Elizabeth Holmes gets more than 11 years for Theranos fraud

SAN JOSE, California – The disgraced CEO of Theranos, Elizabeth Holmes, was sentenced Friday to more than 11 years in prison for fooling investors into the failed startup that promised to revolutionize blood testing but instead turned it into an icon made for Silicon Valley ambition turned delusion.

The sentence imposed by US District Judge Edward Davila was shorter than the 15-year sentence required by federal prosecutors but far harsher than the leniency her legal team was asking for the mother of a one-year-old son with another child on the way.

Holmes, who was CEO during the company’s tumultuous 15-year history, was convicted in January in the trial surrounding the company’s claims of having developed a medical device that could diagnose a variety of diseases and conditions from a few drops of blood could recognize. But the technology never worked, and their claims were wrong.

Theranos was undone “by misrepresentation, hubris and outright lies,” the judge said.

“This case is so disturbing on so many levels,” he said. “What prompted Ms. Holmes to make the decisions she made? Was there a loss of moral compass?”

Holmes’ meteoric rise to fame once landed her on the covers of business magazines, hailing her as the next Steve Jobs. And their deception was convincing enough to attract a list of sophisticated investors including software magnate Larry Ellison, media mogul Rupert Murdoch, and the Walton family behind Walmart.

She sobbed as she told the judge she took responsibility for her actions.

“I regret my failure with every cell in my body,” said Holmes.

The conviction in the same San Jose courtroom where Holmes was convicted on four counts of investor fraud and conspiracy in January marked another high point in a saga that has been dissected into an HBO documentary and an award-winning Hulu series.

The 38-year-old Holmes faced a maximum of 20 years in prison. Her legal team asked the judge for a sentence of no more than 18 months in prison, preferably to be served under house arrest.

Her attorneys argued that Holmes was a well-meaning entrepreneur who is now a devoted mother with another child on the way. Her arguments were supported by more than 130 letters submitted by family, friends and former colleagues praising Holmes.

Prosecutors also ordered Holmes to pay $804 million in restitution — an amount that covers most of the nearly $1 billion she raised from investors. But the judge left that question for a future hearing, which was not scheduled.

While courting investors, Holmes utilized a senior Theranos board that included former Secretary of Defense James Mattis, who testified against her during her trial, and two former Secretary of State, Henry Kissinger and the late George Shultz, whose son filed a statement, in which Holmes was blown up for devising a plan that played Shultz “for the fool”.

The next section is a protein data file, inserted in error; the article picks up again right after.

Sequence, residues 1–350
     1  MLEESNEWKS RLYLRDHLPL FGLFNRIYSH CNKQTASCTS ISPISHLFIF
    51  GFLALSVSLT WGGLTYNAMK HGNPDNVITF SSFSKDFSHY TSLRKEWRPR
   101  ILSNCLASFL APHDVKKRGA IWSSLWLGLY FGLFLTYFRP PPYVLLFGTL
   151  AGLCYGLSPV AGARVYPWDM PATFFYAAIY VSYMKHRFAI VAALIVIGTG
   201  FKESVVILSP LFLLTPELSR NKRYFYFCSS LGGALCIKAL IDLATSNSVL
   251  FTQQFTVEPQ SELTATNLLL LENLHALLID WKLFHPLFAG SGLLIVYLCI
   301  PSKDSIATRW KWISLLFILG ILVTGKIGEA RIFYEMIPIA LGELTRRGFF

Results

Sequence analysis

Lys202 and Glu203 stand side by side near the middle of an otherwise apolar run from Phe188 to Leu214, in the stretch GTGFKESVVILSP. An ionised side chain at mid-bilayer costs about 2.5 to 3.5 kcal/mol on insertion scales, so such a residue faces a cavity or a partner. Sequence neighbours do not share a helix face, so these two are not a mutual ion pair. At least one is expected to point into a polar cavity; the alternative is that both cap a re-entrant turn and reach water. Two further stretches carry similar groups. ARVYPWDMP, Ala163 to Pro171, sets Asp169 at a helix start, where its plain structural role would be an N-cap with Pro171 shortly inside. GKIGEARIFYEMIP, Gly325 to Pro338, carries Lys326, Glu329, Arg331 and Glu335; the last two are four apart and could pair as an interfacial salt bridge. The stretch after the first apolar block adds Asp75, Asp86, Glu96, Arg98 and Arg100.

The judge gave Holmes, who is pregnant, more than five months’ freedom before she is due to report to jail on April 27. She gave birth to a son just before her trial began last year.

If Holmes’ pregnancy played a role in determining her sentence, the decision could prove controversial. A 2019 study found that more than 1,000 pregnant women were sent to federal or state prisons over a 12-month study period; 753 of them gave birth in custody.

According to a 2016 Bureau of Justice Statistics survey, more than half of the women who were sent to a federal prison — 58% — said they were mothers of minor children.

Federal Attorney Robert Leach called the Theranos fraud one of the most egregious economic crimes ever committed in Silicon Valley. In a scathing 46-page memo, Leach told the judge he had an opportunity to send a message that would curb the hubris and hyperbole unleashed by the tech boom of the past 30 years.

Holmes “has capitalized on her investors’ hopes that a young, dynamic entrepreneur is transforming healthcare,” Leach wrote. “And through her deception, she achieved spectacular fame, adoration, and billions of dollars in wealth.”

Although Holmes was acquitted by a jury on four counts of fraud and conspiracy involving patients undergoing Theranos blood tests, Leach also asked the judge to consider the health hazards posed by Holmes’ behavior.

Holmes’ attorney Kevin Downey painted her as a selfless visionary who spent 14 years of her life revolutionizing healthcare.

Although evidence presented during her trial showed the blood tests gave wildly unreliable results that could have led patients to wrong treatments, her lawyers claimed that Holmes never stopped perfecting the technology until Theranos collapsed in 2018.

They also pointed out that Holmes has never sold any of their Theranos shares — a stake worth $4.5 billion in 2014.

Defense against criminal charges has left Holmes “substantial debts from which she is unlikely to recover,” Downey wrote, hinting that she is unlikely to pay compensation.

“Holmes is not a threat to society,” Downey wrote.

Downey also asked Davila to consider the alleged sexual and emotional abuse Holmes suffered while romantically dating Ramesh “Sunny” Balwani, who became a Theranos investor, top executive, and eventually an accomplice in her crimes.

Balwani, 57, is due to be sentenced December 7 after being convicted on 12 counts of fraud and conspiracy in a July trial.